Building a social media sharing iOS plugin for Unity.

Written by Michael on March 20, 2015

After creating an Android library for sharing, I needed to support iPhone too. Unity doesn’t support native sharing for iPhone, so I had to create an Objective-C plugin that can be used in Unity. Unlike Android, the files don’t need to be packaged, they just need to be added into the Unity project. One of the nice things about working with Objective-C in Unity, is that the files can be symlinked into the xcode project from Unity. This means when you make a change in xcode the same change is made in the Unity project.

The folder structure for including Objective-C files is similar to Android but it allows you to define your own folder structure. Everything needs to live under the Plugins/iOS folder. For the plugin I’m going to store the files under Plugins/iOS/FrispSocial.

In Objective-C you need to define a header file for all of your classes so I first defined the header file which I called Plugins/iOS/FrispSocial/FrispSocial.h:

@interface FrispSocial : NSObject 
+ (id) instance;
- (void) share:(NSString*)text media: (NSString*) media;

The next step is to define the class that is going to take care of sharing to Facebook or Twitter which is called Plugins/iOS/FrispSocial/

#import "FrispSocial.h"

@implementation FrispSocial

static FrispSocial * _instance = [[FrispSocial alloc] init];

+ (id) instance {
    return _instance;

- (void) share:(NSString *)text  media:(NSString *)media {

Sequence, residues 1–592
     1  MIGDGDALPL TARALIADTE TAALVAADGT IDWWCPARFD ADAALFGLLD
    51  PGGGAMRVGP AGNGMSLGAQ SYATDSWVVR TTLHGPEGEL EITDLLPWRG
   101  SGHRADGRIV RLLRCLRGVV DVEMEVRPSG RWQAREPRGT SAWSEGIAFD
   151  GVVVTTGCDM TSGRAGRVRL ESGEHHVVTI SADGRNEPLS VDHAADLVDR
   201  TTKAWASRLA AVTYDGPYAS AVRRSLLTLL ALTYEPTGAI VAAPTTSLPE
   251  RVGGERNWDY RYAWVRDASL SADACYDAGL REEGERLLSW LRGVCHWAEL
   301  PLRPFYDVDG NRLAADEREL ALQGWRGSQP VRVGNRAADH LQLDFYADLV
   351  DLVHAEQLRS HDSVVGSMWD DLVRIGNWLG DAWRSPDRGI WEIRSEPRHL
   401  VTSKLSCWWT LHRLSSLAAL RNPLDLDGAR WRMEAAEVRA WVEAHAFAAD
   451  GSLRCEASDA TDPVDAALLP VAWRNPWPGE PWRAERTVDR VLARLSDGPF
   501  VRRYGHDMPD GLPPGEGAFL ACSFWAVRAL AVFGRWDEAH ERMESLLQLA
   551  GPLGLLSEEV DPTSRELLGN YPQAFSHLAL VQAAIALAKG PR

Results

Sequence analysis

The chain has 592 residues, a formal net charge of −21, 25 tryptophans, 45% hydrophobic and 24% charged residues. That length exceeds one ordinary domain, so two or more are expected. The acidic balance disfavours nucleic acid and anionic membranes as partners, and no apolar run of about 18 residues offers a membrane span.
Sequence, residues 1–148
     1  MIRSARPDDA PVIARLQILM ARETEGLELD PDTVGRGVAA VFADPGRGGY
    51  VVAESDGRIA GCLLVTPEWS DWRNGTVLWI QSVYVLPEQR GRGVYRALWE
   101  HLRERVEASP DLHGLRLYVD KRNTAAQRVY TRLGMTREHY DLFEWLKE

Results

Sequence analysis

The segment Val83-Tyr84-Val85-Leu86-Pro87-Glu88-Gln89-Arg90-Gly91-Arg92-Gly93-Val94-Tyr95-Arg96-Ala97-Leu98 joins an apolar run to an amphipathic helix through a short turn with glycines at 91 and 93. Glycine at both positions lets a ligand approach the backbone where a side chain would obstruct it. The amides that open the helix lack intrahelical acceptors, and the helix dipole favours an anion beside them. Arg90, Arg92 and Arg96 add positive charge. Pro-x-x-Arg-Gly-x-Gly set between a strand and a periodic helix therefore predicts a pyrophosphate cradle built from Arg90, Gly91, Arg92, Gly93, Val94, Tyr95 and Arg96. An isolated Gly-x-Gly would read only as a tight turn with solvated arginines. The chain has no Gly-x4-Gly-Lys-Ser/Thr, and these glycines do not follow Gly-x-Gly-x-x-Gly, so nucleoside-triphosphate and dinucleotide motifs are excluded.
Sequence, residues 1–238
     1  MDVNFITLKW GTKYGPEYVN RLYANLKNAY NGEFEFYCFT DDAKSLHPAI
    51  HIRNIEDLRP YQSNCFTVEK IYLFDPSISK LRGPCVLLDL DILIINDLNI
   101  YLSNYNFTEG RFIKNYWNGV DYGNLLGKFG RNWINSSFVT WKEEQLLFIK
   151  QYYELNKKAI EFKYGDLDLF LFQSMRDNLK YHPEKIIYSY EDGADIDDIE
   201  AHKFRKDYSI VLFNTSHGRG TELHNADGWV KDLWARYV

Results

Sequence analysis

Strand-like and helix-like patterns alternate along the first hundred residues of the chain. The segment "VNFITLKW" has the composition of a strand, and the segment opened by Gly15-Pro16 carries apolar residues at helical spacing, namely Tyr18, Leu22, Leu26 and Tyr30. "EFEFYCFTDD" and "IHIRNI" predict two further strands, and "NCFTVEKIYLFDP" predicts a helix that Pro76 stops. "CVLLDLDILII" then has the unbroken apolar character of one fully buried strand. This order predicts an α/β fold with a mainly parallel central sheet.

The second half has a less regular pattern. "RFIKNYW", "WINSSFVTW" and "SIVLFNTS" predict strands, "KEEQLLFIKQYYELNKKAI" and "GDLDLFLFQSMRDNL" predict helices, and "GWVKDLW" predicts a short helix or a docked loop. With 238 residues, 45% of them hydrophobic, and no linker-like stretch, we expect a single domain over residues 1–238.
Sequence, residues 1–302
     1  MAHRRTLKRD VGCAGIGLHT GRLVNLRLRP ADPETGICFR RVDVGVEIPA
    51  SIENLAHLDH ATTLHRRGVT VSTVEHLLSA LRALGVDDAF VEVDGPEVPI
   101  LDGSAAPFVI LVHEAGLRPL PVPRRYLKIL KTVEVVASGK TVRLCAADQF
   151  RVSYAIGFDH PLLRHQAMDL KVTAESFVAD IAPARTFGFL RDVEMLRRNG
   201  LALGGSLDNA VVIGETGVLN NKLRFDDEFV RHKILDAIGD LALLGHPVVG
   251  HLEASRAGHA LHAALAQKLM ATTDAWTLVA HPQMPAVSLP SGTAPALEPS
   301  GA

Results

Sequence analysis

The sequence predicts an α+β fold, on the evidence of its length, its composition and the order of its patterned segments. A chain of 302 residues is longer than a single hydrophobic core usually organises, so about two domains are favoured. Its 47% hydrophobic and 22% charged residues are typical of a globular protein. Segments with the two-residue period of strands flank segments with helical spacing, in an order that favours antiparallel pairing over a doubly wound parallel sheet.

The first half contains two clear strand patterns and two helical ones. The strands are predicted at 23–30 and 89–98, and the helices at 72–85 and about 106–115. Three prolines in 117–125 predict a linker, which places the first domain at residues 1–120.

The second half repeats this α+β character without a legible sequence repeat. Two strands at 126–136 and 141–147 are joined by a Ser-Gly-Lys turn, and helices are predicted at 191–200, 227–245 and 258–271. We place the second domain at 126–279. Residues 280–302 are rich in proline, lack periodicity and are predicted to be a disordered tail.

UIActivityViewController *socialViewController;

  // Create image from image data
  NSData *imageData = [[NSData alloc] initWithBase64EncodedString:
    options: 0
  UIImage *image = [[UIImage alloc] initWithData:imageData];

  socialViewController = [[UIActivityViewController alloc] 
    initWithActivityItems:@[text, image] 

  UIViewController *rootViewController =  UnityGetGLViewController();

  [rootViewController presentViewController: 

extern "C" { 
  void _Share(char* text, char* encodedMedia) {
    NSString *status = [NSString stringWithUTF8String: text];
    NSString *media = [NSString stringWithUTF8String: encodedMedia];
    [[FrispSocial instance] share:status media:media];


I use the singleton pattern instead of a static method for thread safety reasons. Initializing the singleton instance on class load ensures thread safety (more information about thread safe singleton implementations).

The interesting part here is the extern "C" block. The extern "C" block is what enables access to call the Objective-C methods in C#. The methods wrapped in the extern "C" block use C linkage rather than C++ linkage. The reason for using C linkage is that it doesn’t mangle the method names. C++ linkage mangles the method names as it supports overloading which means the method name can’t be the unique identifier. Unity statically links the classes into the game making the _Share method available to be called in a wrapper class.

In my next post I will go through the wrapper class I wrote in Unity to use the Objective-C class defined here.

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